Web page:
Inspector French and the Cheyne Mystery

Inspector French and the Cheyne Mystery

Freeman Wills Crofts / Sep 15, 2019

Inspector French and the Cheyne Mystery When young Cheyne finds things going wrong and a dangerous gang of criminals unpleasantly interested in him he tries to outwit them on his own When things get serious and his life attempted he goes

  • Title: Inspector French and the Cheyne Mystery
  • Author: Freeman Wills Crofts
  • ISBN: 9781842323977
  • Page: 271
  • Format: Paperback
  • When young Cheyne finds things going wrong and a dangerous gang of criminals unpleasantly interested in him, he tries to outwit them on his own When things get serious and his life attempted, he goes to Scotland Yard French comes into the case, and carries out one of his usual investigations of untiring thoroughness directed by flashes of inspiration.In America known asWhen young Cheyne finds things going wrong and a dangerous gang of criminals unpleasantly interested in him, he tries to outwit them on his own When things get serious and his life attempted, he goes to Scotland Yard French comes into the case, and carries out one of his usual investigations of untiring thoroughness directed by flashes of inspiration.In America known as The Cheyne Mystery.

    • ☆ Inspector French and the Cheyne Mystery || ☆ PDF Download by Ç Freeman Wills Crofts
      271 Freeman Wills Crofts
    • thumbnail Title: ☆ Inspector French and the Cheyne Mystery || ☆ PDF Download by Ç Freeman Wills Crofts
      Posted by:Freeman Wills Crofts
      Published :2019-06-15T22:44:07+00:00

    About "Freeman Wills Crofts"

      • Freeman Wills Crofts

        Born in Dublin of English stock, Freeman Wills Crofts was educated at Methodist and Campbell Colleges in Belfast and at age 17 he became a civil engineering pupil, apprenticed to his uncle, Berkeley D Wise who was the chief engineer of the Belfast and Northern Counties Railway BNCR In 1899 he became a fully fledged railway engineer before becoming a district engineer and then chief assistant engineer for the BNCR.He married in 1912, Mary Bellas Canning, a bank manager s daughter His writing career began when he was recovering from a serious illness and his efforts were rewarded when his first novel The Cask was accepted for publication by a London publishing house Within two decades the book had sold 100,000 copies Thereafter he continued to write in his spare time and produced a book a year through to 1929 when he was obliged to stop working through poor health.When he and his wife moved to Guildford, England, he took up writing full time and not surprisingly many of his plots revolved around travel and transport, particularly transport timetables and many of them had a Guildford setting.In retirement from engineering, as well as writing, he also pursued his other interests, music, in which he was an organist and conductor, gardening, carpentry and travel.He wrote a mystery novel almost every year until his death and in addition he produced about 50 short stories, 30 radio plays for the BBC, a number of true crime works, a play, Sudden Death , a juvenile mystery, Young Robin Brand, Detective , and a religious work, The Four Gospels in One Story.His best known character is Inspector Joseph French, who featured in 30 detective novels between 1924 and 1957 And Raymond Chandler praised his plots, calling him the soundest builder of them all.Gerry WolstenholmeMay 2010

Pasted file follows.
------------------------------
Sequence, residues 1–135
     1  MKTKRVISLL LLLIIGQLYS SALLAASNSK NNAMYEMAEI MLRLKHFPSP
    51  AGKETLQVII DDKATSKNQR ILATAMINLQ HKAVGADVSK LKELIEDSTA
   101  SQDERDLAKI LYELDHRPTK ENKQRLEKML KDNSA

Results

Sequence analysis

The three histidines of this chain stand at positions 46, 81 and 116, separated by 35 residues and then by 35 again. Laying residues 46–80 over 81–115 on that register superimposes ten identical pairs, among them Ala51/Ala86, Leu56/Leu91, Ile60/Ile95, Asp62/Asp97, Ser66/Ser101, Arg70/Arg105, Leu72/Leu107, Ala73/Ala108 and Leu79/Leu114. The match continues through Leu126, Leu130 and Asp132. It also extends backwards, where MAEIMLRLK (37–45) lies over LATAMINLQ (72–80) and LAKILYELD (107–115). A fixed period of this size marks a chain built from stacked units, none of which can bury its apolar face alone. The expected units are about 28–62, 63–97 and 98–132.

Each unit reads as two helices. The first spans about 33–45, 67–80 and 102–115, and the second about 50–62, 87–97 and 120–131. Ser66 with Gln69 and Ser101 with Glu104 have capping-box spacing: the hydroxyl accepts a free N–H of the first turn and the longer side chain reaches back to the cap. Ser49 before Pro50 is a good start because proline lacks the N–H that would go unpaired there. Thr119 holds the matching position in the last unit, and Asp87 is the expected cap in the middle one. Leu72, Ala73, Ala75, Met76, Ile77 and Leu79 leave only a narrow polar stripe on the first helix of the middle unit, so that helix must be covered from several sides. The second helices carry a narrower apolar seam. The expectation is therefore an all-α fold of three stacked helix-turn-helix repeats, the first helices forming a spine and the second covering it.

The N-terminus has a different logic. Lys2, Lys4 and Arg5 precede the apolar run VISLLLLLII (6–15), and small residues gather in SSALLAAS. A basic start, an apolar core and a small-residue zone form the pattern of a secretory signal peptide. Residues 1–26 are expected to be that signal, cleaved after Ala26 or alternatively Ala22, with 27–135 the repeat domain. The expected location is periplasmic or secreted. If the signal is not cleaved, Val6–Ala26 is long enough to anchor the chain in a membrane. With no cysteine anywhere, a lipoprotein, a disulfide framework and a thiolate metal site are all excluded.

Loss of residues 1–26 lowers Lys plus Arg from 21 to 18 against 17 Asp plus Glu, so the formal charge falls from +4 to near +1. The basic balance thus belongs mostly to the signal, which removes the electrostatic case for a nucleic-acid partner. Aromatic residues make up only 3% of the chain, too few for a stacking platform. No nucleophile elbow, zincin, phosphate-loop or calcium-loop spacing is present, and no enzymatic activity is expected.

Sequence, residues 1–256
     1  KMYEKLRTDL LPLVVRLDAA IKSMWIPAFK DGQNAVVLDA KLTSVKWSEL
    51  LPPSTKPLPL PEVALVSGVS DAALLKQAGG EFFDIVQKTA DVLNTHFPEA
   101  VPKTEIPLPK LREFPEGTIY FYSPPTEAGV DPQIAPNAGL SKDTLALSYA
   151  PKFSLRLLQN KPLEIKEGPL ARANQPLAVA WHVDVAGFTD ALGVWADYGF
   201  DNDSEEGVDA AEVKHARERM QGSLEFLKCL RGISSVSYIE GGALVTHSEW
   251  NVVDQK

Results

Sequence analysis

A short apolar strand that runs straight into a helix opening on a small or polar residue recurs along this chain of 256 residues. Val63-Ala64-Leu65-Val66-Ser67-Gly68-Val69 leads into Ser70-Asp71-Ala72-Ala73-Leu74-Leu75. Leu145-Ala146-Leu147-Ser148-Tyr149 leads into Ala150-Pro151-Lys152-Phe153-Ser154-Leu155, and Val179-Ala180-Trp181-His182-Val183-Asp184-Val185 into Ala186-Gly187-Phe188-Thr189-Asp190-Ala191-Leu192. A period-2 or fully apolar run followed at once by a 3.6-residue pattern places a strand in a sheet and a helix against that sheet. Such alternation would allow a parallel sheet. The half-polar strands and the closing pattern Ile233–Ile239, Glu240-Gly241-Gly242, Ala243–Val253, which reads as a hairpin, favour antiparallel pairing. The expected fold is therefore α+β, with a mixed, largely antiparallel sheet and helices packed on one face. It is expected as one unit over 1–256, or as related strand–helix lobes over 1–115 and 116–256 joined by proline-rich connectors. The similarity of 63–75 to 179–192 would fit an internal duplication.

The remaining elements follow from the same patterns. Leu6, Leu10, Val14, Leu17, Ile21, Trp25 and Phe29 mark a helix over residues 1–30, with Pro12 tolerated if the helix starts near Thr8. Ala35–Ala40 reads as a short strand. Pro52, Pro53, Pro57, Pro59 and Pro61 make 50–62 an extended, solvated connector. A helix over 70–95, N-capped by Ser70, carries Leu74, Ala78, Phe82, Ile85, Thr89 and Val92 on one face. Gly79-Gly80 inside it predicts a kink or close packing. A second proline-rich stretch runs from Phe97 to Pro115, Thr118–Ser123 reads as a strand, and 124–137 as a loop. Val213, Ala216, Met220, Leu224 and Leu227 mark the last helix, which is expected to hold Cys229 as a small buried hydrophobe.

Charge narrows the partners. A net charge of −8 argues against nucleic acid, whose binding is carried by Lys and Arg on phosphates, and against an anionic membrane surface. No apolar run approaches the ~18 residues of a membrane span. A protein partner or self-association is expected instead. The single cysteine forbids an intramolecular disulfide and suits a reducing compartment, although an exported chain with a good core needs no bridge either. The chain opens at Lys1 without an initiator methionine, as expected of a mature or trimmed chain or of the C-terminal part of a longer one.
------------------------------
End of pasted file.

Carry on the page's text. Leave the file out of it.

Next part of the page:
775 Comments

    1. Inspector French and the Cheyne Mystery (which I never heard of) is a novel written by Freeman Wills Crofts (who I never heard of) and published in 1926. I read it because it is here. I was putting everything back to the various places they go when they are somewhere else at the Christmas season. This book wound up in a pile of books to return to the shelves. I don't know where it came from, but here it is. And since it was not put back in place yet, seeing as I couldn't remember where it was su [...]


    2. This is my least favourite of the Crofts I have read so far. I got really bogged down about one third in. As with others, it only took off for me when Inspector French became involved about halfway through.It was really a rather run-of-the mill adventure/mystery typical of the 1920's. Too many false starts-Cheyne is hoodwinked three times- for my liking.Plucky love interest thrown in. The cryptogram that really wasn't.The usual train timetables and some mucking around in boatsSeedy foreign going [...]


    3. A good book, especially because it was saved by Inspector French. Cheyne, the main character, falls three times by tricks played on him by the same people! I wanted to scream when he falls the third time, and knowing they were the same guys who had tricked him twice before! A little easy to figure the mystery, but still a very good read.


    4. Though it starts off rather slowly, setting the background, once it really gets started this book is hard to put down. Maxwell Cheyne leads a quiet life in the country, with his mother an sister. Then odd things begin happening to him, leading him to the adventure of a lifetime.



    5. Wow. Just as good as 'The Cask', Crofts' first book. Very difficult to put down; especially if you are a golden age mystery fan like me.


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